Barbecue Tips from the Pit
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For the last 10 years, the second weekend in June has meant one thing for New York City, the Big Apple BBQ Block Party. Some of the best pit masters from across the country convene at Madison Square Park to barbecue and offer New Yorkers an opportunity to taste the variety of flavors and styles of America’s most homegrown, authentic cuisine.
My family is from Argentina and I grew up on South American Asado-style barbecue. Asado is the way my dad and grandfather cooked and it’s all I knew about barbecue for most of my life. It was not until I went to my first barbecue festival five or six years ago when I moved to New York that I gained an appreciation for American-style barbecue. It was then when I began to understand the differences in flavors and styles.
I wanted to talk to some of the pit masters to learn about their specific styles of barbecue, who taught them how to cook, and whether their cooking is influenced by international styles of barbecue. I found that most of these renowned pit masters learned how to barbecue the same way I did - from their dads - and they take tremendous pride in maintaining the flavors and techniques that have been passed down through their families for many generations.
Chris Lilly (Big Bob Gibson BBQ, Decatur, Ala)
Pit master Chris Lilly of Big Bob Gibson BBQ from Decatur, Ala. is one of the most decorated pit masters in the country with 10 World Barbecue Championship titles. Decatur’s location between Memphis and the Carolinas makes Big Bob Gibson’s style of barbecue a unique combination of those two traditional styles.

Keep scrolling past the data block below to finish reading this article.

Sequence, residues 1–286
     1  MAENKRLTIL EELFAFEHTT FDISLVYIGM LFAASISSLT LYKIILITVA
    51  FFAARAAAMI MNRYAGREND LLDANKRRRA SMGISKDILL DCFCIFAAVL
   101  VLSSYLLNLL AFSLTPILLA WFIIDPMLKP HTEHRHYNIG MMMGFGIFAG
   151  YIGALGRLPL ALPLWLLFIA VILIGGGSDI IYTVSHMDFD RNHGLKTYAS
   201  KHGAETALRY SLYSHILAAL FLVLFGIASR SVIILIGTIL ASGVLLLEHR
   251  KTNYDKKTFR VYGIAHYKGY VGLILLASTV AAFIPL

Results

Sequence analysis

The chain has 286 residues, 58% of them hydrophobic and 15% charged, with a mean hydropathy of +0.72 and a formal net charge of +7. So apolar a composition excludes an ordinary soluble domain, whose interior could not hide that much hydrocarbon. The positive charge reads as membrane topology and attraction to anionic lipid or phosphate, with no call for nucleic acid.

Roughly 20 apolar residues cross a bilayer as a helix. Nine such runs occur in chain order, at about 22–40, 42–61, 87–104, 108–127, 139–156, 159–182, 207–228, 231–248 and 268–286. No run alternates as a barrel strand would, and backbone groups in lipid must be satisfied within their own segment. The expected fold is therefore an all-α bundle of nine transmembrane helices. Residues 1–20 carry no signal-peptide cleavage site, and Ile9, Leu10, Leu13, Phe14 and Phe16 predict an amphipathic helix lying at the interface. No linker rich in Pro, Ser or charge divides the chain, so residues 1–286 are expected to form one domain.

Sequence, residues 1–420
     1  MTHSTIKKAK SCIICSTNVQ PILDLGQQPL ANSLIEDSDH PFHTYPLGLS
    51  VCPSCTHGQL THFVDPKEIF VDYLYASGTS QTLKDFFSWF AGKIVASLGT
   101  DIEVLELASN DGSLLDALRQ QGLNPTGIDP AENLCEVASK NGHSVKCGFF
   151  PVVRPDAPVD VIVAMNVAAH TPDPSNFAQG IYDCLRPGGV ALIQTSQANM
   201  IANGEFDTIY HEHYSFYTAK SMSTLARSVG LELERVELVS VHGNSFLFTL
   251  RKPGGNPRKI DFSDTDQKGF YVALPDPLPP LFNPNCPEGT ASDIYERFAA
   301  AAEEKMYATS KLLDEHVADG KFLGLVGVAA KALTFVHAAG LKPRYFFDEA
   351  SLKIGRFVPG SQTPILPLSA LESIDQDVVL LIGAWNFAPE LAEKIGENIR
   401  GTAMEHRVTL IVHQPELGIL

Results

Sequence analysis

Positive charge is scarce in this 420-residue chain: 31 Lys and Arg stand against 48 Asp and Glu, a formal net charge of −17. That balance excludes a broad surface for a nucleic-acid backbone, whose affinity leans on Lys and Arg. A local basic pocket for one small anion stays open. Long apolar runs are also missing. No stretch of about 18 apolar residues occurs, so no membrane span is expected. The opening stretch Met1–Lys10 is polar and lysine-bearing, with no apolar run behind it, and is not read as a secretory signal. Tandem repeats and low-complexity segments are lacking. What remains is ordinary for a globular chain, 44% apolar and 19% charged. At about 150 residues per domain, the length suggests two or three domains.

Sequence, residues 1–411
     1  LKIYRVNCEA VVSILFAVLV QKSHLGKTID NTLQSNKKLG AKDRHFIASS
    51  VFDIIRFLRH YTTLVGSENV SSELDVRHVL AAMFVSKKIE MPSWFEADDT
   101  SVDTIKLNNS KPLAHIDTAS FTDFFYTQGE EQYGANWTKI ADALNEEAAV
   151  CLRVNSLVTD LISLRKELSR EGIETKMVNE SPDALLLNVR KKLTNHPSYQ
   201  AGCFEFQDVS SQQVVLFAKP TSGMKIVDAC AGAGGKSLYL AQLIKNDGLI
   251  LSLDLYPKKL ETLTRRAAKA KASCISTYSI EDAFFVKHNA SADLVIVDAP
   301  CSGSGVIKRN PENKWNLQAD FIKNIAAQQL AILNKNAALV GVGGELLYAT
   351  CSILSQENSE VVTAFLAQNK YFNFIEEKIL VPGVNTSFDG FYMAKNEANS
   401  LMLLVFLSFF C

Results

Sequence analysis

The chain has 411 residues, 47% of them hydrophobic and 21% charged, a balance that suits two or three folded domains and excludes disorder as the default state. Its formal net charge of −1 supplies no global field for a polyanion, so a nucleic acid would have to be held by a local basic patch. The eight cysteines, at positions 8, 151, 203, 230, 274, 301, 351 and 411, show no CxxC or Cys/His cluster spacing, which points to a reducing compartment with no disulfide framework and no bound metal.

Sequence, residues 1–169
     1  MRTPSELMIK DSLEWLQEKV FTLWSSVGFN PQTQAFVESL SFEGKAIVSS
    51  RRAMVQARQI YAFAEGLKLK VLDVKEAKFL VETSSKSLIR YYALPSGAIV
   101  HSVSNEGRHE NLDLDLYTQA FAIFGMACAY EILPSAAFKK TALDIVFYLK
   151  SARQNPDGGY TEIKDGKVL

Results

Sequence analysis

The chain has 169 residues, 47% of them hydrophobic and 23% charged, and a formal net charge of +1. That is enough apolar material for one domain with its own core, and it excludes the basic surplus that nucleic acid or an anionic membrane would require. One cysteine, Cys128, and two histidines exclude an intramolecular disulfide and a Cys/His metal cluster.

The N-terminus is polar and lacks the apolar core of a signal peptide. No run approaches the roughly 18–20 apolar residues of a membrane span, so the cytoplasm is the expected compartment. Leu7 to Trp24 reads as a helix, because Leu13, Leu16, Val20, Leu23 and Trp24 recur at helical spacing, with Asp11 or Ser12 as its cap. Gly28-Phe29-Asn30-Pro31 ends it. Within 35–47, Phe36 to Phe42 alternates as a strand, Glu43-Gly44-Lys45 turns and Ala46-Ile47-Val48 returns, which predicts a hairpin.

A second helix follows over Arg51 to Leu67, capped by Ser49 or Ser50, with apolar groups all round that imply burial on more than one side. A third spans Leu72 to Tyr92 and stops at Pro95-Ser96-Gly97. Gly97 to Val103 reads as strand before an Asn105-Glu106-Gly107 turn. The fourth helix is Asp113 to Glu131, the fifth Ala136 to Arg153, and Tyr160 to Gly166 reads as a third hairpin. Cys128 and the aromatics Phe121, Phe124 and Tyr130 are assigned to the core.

Big Bob Gibson’s pulled pork is given its subtle smoky flavor from a dry rub and apple juice injection, followed by 12 to 15 hours of smoking over a combination of Kingsford charcoal and hickory wood chunks.
Lilly believes the tastiness of their pulled pork stands strong on its own, and he serves all his sauces on the side so that the customer can decide whether they want sauce and what type.
Lilly is well traveled and loves incorporating foreign flavors and cooking techniques into his recipes when he is catering parties or cooking at home. However in his 87-year-old family restaurant in Decatur, he leaves the recipes alone and lets the family tradition stand true and uncorrupted.
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